Wednesday, 28 August 2013

News, Views and Interviews

My new book Broken Reed: The Lords of Gower and King John, is now a reality!

Ann Thomas Lords of Gower_Front Cover

I went to the printer's this afternoon and inspected the proof copy, agreed it, and gave the go-ahead for the print run. They let me bring the proof home, and told me that it was accidentally printed on heavier paper, so it's more substantial, and I treasure it.

In the last two days I have uploaded the ebook version to both Smashwords and Amazon, and successfully passed the vetting. The Smashwords versions are available now on their site, and will be sent out to the major distributors over the next week or two. The Kindle version is being processed at Amazon.

I have also produced a new ebook edition of the first book Alina, The White Lady of Oystermouth. I've worked out how to do endnotes and added them in, as well as changing the ebook to mirror the print version. This has also been uploaded to both Smashwords and Amazon.


I have booked my book launch, at the same venue as last time, the Oxfam Bookshop on Castle Street in Swansea - actually only a few yards from the ruins of Swansea Castle. The launch is on Tuesday 17th September at 7pm. Now I have to prepare the publicity.

As part of the online publicity I updated my Smashwords profile and discovered that they now do interviews. You can read my interview here. I also did an interview recently for the Welsh-American Bookstore, which has some of the same information, but some different things too.

Now I have to post the new book in the same online places as the first one, and contact all the stockists of the print version. Lots to do!

Wednesday, 21 August 2013

Review of The Lost King books by Martin Lake

My local history books look at characters descended from the Normans who came to England with William the Conqueror. Consequently, I was very interested when I came across a trilogy of books on Kindle by Martin Lake about events right after William's victory at the battle of Hastings.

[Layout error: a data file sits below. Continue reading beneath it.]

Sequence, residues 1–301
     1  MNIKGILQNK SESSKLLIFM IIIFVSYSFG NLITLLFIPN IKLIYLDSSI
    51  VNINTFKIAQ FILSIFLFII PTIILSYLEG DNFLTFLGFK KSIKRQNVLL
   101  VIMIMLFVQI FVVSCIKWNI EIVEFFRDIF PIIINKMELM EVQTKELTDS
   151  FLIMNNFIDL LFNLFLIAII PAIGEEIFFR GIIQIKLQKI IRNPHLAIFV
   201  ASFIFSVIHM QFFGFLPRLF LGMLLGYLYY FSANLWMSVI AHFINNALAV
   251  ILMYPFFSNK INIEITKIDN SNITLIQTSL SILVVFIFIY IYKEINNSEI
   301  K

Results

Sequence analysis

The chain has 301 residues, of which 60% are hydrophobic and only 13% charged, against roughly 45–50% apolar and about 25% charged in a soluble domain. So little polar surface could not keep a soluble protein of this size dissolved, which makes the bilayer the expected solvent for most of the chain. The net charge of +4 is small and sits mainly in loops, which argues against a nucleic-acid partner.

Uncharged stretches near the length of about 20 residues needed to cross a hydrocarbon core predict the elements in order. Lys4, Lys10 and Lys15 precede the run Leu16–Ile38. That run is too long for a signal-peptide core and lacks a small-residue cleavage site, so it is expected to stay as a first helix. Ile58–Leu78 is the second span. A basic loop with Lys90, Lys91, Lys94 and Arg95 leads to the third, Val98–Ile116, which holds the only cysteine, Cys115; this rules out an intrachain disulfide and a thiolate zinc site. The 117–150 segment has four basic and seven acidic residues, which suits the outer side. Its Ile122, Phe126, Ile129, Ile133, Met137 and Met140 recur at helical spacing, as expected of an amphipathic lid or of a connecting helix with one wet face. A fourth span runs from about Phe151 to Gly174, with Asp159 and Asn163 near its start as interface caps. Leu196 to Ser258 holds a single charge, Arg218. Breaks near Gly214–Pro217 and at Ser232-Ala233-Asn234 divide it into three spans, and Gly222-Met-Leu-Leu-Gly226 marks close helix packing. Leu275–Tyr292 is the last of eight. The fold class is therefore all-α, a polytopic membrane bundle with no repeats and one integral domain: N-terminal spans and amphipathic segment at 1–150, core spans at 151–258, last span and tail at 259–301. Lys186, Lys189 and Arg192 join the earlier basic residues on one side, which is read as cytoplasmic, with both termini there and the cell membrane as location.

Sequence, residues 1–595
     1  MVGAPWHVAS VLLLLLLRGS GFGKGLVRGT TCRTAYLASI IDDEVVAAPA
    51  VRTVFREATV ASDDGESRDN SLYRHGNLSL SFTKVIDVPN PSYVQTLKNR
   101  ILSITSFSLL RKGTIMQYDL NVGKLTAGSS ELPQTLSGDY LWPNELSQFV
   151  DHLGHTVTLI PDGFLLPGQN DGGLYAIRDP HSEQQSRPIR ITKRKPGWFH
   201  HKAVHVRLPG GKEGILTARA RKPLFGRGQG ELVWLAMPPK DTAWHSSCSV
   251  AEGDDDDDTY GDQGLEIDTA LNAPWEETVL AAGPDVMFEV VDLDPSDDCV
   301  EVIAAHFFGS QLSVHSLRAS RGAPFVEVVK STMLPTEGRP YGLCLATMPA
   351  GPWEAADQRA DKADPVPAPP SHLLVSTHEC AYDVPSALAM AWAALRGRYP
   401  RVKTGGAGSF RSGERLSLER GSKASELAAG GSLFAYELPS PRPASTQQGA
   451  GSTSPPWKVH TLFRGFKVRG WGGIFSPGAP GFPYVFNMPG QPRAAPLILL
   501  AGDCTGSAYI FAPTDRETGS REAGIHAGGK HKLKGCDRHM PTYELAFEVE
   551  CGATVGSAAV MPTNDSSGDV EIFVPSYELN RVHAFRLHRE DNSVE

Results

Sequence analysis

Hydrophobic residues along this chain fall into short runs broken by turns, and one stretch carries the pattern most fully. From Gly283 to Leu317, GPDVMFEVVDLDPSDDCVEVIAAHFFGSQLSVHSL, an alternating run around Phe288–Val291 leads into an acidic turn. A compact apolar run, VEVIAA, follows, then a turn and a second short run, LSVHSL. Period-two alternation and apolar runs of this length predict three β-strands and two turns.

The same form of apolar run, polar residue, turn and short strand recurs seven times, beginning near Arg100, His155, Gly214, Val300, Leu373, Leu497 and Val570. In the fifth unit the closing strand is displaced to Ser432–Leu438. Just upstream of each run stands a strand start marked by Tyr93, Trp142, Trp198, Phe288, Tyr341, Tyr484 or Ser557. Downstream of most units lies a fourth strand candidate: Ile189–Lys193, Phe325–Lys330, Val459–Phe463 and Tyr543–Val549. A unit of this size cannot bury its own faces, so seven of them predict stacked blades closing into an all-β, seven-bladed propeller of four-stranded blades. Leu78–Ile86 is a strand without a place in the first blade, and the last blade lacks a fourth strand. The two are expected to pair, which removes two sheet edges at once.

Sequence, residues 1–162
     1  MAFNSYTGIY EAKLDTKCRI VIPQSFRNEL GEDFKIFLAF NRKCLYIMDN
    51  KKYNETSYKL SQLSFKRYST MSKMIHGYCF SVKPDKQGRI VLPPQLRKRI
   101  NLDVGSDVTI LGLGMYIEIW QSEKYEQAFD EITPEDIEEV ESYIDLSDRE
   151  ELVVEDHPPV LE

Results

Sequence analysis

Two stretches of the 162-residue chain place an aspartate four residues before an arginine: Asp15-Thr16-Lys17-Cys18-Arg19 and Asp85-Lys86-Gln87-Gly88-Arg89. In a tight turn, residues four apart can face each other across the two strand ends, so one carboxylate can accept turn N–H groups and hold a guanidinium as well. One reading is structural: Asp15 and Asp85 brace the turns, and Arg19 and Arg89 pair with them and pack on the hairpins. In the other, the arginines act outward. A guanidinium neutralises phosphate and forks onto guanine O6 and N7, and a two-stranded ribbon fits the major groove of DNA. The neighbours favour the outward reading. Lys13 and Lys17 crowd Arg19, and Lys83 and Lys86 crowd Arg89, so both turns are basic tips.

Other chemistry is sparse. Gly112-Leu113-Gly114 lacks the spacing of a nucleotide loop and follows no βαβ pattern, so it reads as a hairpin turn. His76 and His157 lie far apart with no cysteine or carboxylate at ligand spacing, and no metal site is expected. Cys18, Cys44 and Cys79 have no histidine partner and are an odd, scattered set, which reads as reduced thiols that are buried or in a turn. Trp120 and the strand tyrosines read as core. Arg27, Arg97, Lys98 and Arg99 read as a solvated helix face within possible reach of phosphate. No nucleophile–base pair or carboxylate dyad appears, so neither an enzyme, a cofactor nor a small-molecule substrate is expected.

Like most people in Britain, I knew about William, the outcome of the battle, and King Harold getting shot in the eye. But I knew nothing about any resistance to the new self-appointed king, nor who should have been king on Harold's death.

Martin's books, collectively called The Lost King, tell the story of Edgar Atheling, the thirteen year old descendent of Alfred the Great. As William marches on London, the great council of the kingdom chooses Edgar to be the new king. The inexperienced youngster has to rely on his friends and learn quickly if he is not only to save his own life, but lead an uprising to defeat the invaders.

Resistance coverThe first novel, Resistance, tells of the early struggles, including Edgar's time as a 'guest' of William. The second, Wasteland, tells of his attempt to form an alliance with the Vikings, who control the north of England – and have their own agenda. The third, Blood of Ironside, has just come out, and I can't wait!

I gave both the books 4-star reviews. They are really good historical novels. Having tried to write historical fiction from my first book, I know how hard it is. These are well written, with believable characters, especially as we watch the young Edgar grow into maturity. I recommend them, not only to those interested in the history, but for those who like an exciting read and a well-told tale. Links to the books on Amazon UK are on their titles above.